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On the street where she lives

March 29th, 2005

Dr Petra

Want to know the best location in London to chat up women? Well worry no more, since a new study released today showed the optimum flirting location is – Kensington!

Presumably with these findings, any men wanting to ask out women, and any single gals should move there straight away.

Or maybe not.

Predictably this ‘survey’ of where women are most likely to be asked for a date, was a promotional exercise to get a dating agency some free copy. That’s not exactly a new problem. What is more of an issue is this was reported by the science correspondent of London’s Evening Standard.

Now maybe I’m being a bit critical, but perhaps they’re not making science correspondents the way they used to – you know, ones who ask questions about rigour, sampling, method, data, and analysis.

Here are some questions the science correspondent might have asked:

The ‘survey’ was based on 600 men across different boroughs of London, but were those men sampled living in that area, or were they just passing through? We’re not told.

Participants were asked ‘Would you ask out a stranger?’, but this doesn’t really tell us anything. In order to assess the best place to ask someone for a date, surely the question should have been ‘What are the places in London you’ve asked a stranger for a date and they’ve said ‘yes’?’

Only men were included in the survey, so how do we know this is an accurate picture? They may say the know the areas where they’d be more likely to ask a woman for a date – but what’s it like from a woman’s point of view? Where do women think they’re more likely to be approached? And where are the geographical areas where women are more likely to accept a date or run a mile? Why was the focus only on straight men approaching (one assumes) straight women? What about the experiences of gay men, lesbians or bi women and men?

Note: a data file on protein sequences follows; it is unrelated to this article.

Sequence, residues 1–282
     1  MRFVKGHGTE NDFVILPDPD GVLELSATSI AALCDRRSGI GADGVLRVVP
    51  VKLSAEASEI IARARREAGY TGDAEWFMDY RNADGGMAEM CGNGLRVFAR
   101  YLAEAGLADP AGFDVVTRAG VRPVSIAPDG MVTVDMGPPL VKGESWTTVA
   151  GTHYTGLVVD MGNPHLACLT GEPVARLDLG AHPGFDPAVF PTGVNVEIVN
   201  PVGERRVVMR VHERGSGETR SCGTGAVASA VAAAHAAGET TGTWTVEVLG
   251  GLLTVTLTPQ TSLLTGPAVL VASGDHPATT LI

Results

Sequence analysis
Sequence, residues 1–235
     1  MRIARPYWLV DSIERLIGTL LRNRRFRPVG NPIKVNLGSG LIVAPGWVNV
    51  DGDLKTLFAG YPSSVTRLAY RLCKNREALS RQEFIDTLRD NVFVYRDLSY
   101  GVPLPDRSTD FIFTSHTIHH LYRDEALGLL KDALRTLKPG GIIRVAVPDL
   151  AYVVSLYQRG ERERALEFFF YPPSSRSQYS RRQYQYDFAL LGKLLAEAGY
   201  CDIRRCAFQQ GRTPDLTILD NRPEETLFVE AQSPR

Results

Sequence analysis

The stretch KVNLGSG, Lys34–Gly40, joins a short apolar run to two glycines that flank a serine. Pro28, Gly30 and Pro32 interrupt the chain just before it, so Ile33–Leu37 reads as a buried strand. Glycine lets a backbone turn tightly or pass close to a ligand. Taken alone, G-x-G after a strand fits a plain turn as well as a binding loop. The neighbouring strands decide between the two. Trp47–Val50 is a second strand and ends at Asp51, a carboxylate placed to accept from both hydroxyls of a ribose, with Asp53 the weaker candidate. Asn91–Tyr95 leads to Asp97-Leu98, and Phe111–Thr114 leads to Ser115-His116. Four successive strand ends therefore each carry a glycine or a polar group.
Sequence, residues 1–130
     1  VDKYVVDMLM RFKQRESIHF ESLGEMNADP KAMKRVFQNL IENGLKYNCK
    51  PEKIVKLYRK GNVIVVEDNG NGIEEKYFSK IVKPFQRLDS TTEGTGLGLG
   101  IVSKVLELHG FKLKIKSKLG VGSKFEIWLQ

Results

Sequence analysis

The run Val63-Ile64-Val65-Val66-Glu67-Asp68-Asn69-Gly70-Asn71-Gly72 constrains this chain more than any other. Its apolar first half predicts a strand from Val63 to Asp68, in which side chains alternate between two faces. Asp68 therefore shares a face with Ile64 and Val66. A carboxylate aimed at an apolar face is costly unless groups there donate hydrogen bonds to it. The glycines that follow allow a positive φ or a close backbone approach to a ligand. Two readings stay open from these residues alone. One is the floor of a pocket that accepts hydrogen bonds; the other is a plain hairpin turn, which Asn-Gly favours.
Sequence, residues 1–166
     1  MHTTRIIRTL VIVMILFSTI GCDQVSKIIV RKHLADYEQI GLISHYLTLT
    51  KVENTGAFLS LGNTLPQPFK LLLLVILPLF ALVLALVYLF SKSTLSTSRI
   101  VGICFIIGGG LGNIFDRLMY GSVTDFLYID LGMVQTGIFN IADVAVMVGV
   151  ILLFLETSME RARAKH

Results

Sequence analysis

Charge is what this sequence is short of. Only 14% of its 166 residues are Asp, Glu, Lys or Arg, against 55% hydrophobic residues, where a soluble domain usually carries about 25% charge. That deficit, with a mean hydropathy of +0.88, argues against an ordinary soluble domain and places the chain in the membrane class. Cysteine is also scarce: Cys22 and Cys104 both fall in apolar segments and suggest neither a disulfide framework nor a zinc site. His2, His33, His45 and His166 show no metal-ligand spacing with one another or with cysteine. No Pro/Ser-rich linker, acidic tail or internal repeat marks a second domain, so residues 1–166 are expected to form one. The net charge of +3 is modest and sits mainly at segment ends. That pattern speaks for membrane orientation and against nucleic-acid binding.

The ‘findings’ – proudly reproduced in a table within the science correspondent’s piece, are little more than a bunch of raw data. Even a GCSE student is told that you need to do more than present raw scores. Where’s the analysis here? Maybe that might reveal there’s more than one borough where people may feel they could ask someone out. Why didn’t the science correspondent ask for it?

And what about existing research? There are some psychological studies that indicate straight men are more likely to accept the offer of a date from a woman, than straight women are from a man. This has been put down to evolution (women are more monogamous), but is more likely to be cultural. Women are taught from childhood about the dangers of strangers, and that ‘nice girls’ probably don’t say yes to a date offered by a man on the street. Perhaps some of that information might explain this ‘survey’. Yet none of that information was brought into the story, even though a psychologist was a spokesperson for the research. Why didn’t she provide that data – or question the quality of the research, or the built in assumption that only men do the asking out, and everyone’s straight.

Overall, this is yet another non story. It doesn’t tell you the ‘streets where love is in the air’ – as the headline promises. Instead it gives a vague round up of places where men think they might approach a woman and ask for a date. Not where they have asked a woman out, or where she’s said yes. And what women think isn’t mentioned.

This is a gift for a science correspondent. No science, just fluff, and lots of background evidence with an easy opportunity to deconstruct the ‘data’.

Wonder why it didn’t happen?

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